Why Indet for some families?

In some cases, if you enter a family name, the English name comes up as “Indet.” E.g. Beetle | Observation | UK and Ireland | iSpot Nature
Same for Coccinellidae - indet. ladybird. Whereas if you identify something as Tipulidae, it is just called a cranefly. So does anyone know why some families get the indet. treatment, and what exactly does it mean? Is it indetermined, meaning not yet identified further, in which case shouldn’t it be undet? Or is it indeterminable, meaning can’t be identified further? In which case I still think undet. would be more correct.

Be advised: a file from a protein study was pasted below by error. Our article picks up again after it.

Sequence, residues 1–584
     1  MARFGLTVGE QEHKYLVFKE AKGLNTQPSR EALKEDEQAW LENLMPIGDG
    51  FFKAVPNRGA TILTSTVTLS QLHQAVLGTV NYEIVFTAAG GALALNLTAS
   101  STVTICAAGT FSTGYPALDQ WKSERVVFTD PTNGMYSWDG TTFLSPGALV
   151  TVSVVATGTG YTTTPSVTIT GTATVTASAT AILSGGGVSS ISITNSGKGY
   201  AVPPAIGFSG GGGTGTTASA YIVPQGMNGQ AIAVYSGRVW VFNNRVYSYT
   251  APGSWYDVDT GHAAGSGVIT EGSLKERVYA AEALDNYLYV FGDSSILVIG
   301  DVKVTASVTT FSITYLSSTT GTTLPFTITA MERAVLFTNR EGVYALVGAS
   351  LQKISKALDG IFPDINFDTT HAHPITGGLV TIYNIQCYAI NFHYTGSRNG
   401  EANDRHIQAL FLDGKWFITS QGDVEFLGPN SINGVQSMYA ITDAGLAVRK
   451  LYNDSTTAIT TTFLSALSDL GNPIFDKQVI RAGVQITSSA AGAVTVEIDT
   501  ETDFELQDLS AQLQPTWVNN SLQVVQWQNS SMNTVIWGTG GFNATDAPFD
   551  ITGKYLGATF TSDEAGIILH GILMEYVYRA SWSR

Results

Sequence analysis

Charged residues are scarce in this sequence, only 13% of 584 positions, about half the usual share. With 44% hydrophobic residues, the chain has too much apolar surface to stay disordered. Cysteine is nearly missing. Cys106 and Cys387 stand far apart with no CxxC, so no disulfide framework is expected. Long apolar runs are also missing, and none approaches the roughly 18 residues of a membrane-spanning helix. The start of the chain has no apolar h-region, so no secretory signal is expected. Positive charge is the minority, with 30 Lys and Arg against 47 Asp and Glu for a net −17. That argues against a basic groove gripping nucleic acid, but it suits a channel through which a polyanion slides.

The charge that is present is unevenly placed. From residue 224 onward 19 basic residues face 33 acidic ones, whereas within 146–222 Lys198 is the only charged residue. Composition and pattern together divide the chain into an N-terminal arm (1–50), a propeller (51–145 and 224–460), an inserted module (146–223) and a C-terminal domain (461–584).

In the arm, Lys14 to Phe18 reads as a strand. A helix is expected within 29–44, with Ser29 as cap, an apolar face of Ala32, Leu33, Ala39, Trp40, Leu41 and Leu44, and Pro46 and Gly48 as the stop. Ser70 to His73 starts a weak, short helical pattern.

To explain why it’s indet. rather than undet., I think it likely that it is a carry-over from the use of Latin in natural history - “sp. indet.” is the abbreviation for “species indeterminatus”.

As for the inconsistency in its use or non-use for vernacular names of families, I’d ascribe that to the dictionary being a compendium of different sources from people with different usage practices.

Yes, it’s been here from the beginning - indeterminate
It is a fave of a few early iSpotters and Mick Talbot has a lot!
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